Henry and Maria begin a romance that is conducted mainly through letters and a few meetings.  They are separated by the war.  Henry feels that it is his duty to enlist his services as a Dr. the North. Maria feels helpless and useless at her home, until she is able to visit Washington DC with and spend time with Henry's sisters.  She begins to help in the teaching of young black children to read and write.

The reason this book is called four summers waiting, is that it takes four years for Henry and Maria to be able to marry.  I don't think that it is spoiling the story to say that they come together in the end.  It is a love story and there is plenty of material to get there.

I gave this work 3 stars.  I found it confusing and slow in some places.  Mary does a fantastic job in describing the time period and the conflict between neighbors and family.  She did research for this book and it shows in her writing.

On a personal note, I am happy to say that steroid shots for carpel tunnel work.  Yesterday I went to a Hand Surgeon to discuss my options.  I would like to be able to get through the holidays without surgery, six weeks recovery will not work for me at this time.  I went with the shots, it is a temporary fix and I may need surgery at a later time.  I hated the feeling of the shots, the numbness in my hands and the loss of strength.  Today I am pain free and have full use of my hands.

Monday, October 25, 2010

The Spooktacular Book Blog Hop is ON!!

What to give away?  Hmmmm.... My first giveaway as a blogger.  Lots of wonderful books came to mind, but then it is Halloween!  Of course, I needed to choose books have a theme consistent with Halloween.

  I am giving away three books.  The first two are Young Adult and the third is my favorite Halloween picture book.

  So, I was walking through Walmart and saw the first book in my giveaway.  I haven't read it, so I can't review it, but the title made me laugh.  I couldn't resist. (if you win, let me know if it's good :-) )

Romeo & Juliet & Vampires
"You are deluded, Romeo. Vampires do not have the capability to love. They are heartless."
The Capulets and the Montagues have some deep and essential differences. Blood differences. Of course, the Capulets can escape their vampire fate, and the Montagues can try not to kill their undead enemies. But at the end of the day, their blood feud is unstoppable. So it's really quite a problem when Juliet, a vampire-to-be, and Romeo, the human who should be hunting her, fall desperately in love. What they don't realize is how deadly their love will turn out to be—or what it will mean for their afterlives. . . .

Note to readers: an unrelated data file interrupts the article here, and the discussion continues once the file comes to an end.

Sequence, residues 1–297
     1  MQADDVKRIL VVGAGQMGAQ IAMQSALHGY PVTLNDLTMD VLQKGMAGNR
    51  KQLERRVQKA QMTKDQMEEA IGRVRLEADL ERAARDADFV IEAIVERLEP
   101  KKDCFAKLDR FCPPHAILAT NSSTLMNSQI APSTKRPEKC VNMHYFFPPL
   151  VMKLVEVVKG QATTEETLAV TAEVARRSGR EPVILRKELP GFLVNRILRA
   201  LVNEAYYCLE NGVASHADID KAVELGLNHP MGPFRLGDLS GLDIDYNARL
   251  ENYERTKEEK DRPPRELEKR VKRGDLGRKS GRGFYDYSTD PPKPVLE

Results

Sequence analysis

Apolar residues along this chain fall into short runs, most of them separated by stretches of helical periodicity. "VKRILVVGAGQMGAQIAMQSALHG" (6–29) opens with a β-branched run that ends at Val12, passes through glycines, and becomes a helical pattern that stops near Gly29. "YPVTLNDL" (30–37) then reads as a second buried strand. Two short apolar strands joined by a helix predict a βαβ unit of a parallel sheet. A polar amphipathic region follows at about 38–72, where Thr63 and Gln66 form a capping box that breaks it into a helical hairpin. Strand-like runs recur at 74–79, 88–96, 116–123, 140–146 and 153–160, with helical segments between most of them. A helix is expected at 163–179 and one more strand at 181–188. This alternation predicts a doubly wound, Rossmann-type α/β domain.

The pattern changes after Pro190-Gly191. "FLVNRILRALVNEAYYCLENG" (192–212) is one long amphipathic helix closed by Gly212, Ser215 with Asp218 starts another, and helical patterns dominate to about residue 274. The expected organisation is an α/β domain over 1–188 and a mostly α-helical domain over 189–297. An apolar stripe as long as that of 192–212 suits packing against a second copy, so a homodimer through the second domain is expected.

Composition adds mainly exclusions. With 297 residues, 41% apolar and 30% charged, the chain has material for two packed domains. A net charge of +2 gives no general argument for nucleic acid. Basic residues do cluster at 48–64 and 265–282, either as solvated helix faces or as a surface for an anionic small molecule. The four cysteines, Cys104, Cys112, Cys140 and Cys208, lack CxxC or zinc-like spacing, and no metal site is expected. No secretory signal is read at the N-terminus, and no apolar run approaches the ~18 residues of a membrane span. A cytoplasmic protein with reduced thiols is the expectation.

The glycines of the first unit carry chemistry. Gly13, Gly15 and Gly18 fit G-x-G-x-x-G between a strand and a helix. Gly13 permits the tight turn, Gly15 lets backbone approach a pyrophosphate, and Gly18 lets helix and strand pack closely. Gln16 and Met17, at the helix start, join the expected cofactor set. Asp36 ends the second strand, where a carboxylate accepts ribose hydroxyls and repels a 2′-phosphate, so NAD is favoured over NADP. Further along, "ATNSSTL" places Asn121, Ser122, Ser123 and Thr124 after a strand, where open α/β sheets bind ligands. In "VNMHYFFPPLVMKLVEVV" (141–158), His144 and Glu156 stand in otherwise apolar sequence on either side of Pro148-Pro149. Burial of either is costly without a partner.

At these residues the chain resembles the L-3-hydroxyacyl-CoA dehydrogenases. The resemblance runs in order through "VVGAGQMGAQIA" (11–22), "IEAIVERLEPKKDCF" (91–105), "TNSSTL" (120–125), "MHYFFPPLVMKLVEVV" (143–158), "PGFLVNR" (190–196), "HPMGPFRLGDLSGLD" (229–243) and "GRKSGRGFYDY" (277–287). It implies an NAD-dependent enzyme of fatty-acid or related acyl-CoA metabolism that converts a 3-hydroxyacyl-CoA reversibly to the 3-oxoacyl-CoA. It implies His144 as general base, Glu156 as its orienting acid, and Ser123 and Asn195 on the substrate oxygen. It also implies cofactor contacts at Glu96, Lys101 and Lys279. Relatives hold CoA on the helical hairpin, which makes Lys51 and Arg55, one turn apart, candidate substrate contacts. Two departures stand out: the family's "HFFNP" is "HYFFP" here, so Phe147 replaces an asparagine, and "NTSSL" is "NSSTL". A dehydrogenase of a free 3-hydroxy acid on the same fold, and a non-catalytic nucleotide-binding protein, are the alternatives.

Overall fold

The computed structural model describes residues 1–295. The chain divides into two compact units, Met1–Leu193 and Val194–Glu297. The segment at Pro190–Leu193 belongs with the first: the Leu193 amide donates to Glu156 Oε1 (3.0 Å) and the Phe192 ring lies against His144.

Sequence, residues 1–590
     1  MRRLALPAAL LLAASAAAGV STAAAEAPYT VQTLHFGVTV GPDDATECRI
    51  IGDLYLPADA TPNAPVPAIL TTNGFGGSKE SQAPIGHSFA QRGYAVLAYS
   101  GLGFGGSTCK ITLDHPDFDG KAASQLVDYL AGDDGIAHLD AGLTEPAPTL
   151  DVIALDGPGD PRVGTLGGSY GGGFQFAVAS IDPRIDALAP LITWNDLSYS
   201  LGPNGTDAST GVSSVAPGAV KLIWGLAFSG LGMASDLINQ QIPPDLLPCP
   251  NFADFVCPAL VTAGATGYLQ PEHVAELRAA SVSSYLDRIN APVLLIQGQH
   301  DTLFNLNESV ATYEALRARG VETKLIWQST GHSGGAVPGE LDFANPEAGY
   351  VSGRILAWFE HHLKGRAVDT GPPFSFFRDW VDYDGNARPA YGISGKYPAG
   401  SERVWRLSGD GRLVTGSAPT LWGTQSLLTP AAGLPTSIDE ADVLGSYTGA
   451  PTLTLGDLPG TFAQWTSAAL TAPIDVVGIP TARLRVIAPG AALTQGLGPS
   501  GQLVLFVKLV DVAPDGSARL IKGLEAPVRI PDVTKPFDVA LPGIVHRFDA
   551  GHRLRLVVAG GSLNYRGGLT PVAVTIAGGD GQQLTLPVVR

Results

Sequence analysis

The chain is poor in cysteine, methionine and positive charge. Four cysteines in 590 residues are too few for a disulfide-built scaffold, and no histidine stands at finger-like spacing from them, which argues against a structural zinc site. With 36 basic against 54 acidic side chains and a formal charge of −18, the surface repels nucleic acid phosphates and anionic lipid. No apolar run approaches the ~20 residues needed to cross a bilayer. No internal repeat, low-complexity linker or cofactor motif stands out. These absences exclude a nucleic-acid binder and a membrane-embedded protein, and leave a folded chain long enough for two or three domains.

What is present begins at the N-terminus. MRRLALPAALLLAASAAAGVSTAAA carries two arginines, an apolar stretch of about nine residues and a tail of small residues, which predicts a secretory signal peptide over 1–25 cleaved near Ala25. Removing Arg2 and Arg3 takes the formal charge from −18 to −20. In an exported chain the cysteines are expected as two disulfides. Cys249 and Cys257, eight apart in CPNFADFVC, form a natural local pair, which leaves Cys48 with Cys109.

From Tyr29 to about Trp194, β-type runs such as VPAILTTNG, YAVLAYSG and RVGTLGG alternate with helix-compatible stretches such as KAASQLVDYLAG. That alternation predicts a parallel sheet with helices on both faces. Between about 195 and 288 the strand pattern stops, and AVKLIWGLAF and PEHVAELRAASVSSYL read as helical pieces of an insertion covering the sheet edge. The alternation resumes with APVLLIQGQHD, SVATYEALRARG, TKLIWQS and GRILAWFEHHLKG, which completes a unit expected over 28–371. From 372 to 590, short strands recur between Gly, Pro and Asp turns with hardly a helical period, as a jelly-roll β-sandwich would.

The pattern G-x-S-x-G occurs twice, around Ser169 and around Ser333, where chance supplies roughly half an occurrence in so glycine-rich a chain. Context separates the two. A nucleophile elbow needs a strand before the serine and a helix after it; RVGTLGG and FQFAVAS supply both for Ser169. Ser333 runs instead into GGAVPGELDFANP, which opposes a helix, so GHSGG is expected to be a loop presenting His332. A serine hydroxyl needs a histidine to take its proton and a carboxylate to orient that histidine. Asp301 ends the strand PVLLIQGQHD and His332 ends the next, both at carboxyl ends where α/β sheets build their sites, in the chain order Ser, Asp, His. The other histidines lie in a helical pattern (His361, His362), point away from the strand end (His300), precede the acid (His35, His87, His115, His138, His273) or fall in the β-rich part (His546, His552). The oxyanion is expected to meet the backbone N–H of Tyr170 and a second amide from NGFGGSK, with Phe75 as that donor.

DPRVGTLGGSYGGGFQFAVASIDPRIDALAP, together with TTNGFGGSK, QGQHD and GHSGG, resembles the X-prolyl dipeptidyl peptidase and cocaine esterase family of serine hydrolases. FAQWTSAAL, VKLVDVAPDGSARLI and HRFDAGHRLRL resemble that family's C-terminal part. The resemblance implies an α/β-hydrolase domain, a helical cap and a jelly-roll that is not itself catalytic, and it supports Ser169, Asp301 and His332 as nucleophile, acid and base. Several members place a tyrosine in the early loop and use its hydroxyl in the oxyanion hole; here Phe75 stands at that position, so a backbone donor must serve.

This riotous twist on the ultimate tale of forbidden romance is simply to die for.
Picture and Product description taken from Amazon.

My second choice is from a fellow blogger, it is her first publication and the editing leaves a bit to be desired.  I did enjoy the story.  It is worth reading.
The Thirteenth Chime by Emma Michaels
  In a beautiful house that overlooks the sea, an antique clock has the power to change the course of their lives.

The power the clock resonates will not only force Destiny and ex-boyfriend David on a journey into the depths of one man's mind long dead, but into the mind of a man filled with hatred and bent on revenge.

With the only clues to the nature of the clock having disappeared into the sea, Destiny and David must retrace the steps the man had taken into the darkness, before they fall prey to the trap he had set in motion over half a century ago.

Hatred never dies.

Big Pumpkin by Erica Silverman
Once there was a witch who longed for pumpkin pie. Unfortunately, the pumpkin she had grown from a seed became so big she simply couldn't get it off the vine. Although 'she pulled and she tugged and she pulled...that pumpkin just sat.' Along came a ghost. 'I am bigger than you and stronger, too, ' said he. 'Let me try.' Well, the witch wanted that whole pumpkin for herself. But she needed help-Halloween was just hours away.... 

I loved reading this book to my kids.  We would do different voices for the characters.  It is a fun book!  I purchased this copy fromAmazon, and thought I was getting a new copy.  This copy is used, it has a name that has been scribbled out in the cover and the ends are a little worn.  Sorry!  ( I will now hide my head in shame.)